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This article about literary agents and managers for writing with cinematic appeal is part two of a series. It reveals how writers and authors can get their work picked up for stage, TV, or feature film. It also explores important differences between the publishing and movie industries. If you haven’t yet read the first part of the article, click here: Good News for Writers and Authors about the Publishing Industry–and the Movie Industry.

As a reminder, explained in part one of this article, Hollywood is a tougher nut to crack than New York. In other words, it’s easier to get your work noticed by literary agents pitching books to publishers than it is to get agents and managers considering your writing for TV, stage, and feature film.

That’s because…

Most literary agents (90-95%) who represent authors, including the best literary agents at the top literary agencies accept unsolicited submissions. That’s how most of my successful coaching clients (the majority of them self-described “nobodies” as writers when they found me) have been able to get agents. It’s not about referrals (click here to read my article about referrals).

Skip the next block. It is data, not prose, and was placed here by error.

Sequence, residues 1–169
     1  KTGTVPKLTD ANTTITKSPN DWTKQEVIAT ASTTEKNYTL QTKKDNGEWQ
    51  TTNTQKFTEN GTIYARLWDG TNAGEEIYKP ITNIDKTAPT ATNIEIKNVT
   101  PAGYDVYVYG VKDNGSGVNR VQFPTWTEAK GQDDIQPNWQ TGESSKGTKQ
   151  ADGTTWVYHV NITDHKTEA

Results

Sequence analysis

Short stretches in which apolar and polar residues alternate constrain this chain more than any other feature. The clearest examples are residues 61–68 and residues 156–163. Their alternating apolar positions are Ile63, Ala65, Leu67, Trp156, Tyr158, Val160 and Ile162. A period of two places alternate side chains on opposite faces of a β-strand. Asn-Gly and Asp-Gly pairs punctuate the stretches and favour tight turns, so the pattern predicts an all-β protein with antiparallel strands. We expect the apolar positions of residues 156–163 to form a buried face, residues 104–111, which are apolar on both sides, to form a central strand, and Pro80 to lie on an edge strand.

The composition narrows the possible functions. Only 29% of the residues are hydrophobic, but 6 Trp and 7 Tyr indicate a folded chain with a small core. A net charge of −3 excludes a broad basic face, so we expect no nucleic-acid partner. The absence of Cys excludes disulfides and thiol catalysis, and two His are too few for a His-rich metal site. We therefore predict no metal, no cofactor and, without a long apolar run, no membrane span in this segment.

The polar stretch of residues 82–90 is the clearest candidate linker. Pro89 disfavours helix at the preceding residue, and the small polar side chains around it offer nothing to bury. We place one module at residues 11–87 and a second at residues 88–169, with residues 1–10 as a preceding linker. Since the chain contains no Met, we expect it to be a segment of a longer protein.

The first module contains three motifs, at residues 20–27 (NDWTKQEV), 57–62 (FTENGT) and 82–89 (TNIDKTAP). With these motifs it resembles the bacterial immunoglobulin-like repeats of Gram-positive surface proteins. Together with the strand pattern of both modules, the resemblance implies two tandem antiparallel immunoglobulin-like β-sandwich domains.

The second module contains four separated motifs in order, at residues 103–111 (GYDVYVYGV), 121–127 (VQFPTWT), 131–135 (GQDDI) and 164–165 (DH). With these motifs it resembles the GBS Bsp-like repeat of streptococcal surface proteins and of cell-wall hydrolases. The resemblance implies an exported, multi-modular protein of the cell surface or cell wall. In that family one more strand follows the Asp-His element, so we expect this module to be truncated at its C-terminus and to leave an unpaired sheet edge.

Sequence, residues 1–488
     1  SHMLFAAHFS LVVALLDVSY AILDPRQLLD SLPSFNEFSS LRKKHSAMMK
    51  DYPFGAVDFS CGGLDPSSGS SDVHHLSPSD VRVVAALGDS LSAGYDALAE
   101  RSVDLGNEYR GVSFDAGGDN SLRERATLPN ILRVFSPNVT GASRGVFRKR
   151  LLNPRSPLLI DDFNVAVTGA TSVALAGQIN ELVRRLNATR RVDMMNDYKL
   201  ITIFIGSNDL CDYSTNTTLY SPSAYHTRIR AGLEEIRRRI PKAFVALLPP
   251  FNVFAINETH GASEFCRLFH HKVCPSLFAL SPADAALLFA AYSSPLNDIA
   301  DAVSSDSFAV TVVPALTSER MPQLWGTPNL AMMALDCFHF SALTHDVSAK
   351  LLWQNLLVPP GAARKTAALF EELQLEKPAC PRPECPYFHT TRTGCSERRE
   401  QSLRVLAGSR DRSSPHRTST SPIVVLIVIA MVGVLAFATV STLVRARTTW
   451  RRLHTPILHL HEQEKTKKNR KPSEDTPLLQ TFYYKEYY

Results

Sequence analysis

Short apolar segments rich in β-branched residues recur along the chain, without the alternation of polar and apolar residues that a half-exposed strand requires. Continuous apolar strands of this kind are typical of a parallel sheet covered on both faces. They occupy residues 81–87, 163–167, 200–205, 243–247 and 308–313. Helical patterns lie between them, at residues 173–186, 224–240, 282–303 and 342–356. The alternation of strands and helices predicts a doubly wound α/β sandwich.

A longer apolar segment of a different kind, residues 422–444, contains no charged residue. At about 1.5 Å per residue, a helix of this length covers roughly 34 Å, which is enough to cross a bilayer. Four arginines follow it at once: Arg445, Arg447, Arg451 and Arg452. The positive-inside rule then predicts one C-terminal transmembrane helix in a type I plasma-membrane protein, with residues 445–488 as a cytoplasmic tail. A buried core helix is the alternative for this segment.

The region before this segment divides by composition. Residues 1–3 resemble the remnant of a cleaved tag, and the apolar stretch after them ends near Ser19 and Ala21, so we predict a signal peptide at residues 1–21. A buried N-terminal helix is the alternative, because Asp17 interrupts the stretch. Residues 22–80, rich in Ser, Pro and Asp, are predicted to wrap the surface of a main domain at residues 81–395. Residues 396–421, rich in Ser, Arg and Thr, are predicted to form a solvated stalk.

So, the question now is…

How Can Authors Get Literary Agents & Managers
in Hollywood to Read their Books?

The list of options below has suggestions about what you should (and shouldn’t) do if you believe your writing has potential for TV, stage, or feature film.

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Option #1

Get a job in the mailroom at a big agency with its hands in the movie industry such as ICM, Trident Media, or William Morris Endeavor. A fair number of people have made it this way, making connections and looking for (or creating) opportunities.

I don’t recommend this option.

There are easier ways.

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Option #2